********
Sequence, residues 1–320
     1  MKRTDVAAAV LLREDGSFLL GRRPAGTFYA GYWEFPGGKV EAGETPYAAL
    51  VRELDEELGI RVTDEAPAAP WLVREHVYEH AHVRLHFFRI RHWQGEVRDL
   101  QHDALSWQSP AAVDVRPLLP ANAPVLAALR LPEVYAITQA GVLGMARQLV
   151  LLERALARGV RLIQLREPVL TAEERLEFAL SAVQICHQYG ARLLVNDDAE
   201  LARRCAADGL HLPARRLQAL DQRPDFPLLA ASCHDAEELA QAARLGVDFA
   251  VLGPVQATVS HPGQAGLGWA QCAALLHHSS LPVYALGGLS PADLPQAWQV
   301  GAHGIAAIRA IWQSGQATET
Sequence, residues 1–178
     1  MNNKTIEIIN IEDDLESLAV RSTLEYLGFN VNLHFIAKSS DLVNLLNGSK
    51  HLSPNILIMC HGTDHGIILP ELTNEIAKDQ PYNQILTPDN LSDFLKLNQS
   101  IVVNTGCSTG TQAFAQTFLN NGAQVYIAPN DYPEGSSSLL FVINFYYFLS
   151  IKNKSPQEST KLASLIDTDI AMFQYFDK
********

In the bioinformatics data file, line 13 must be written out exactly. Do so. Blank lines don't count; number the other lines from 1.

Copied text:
   151  IKNKSPQEST KLASLIDTDI AMFQYFDK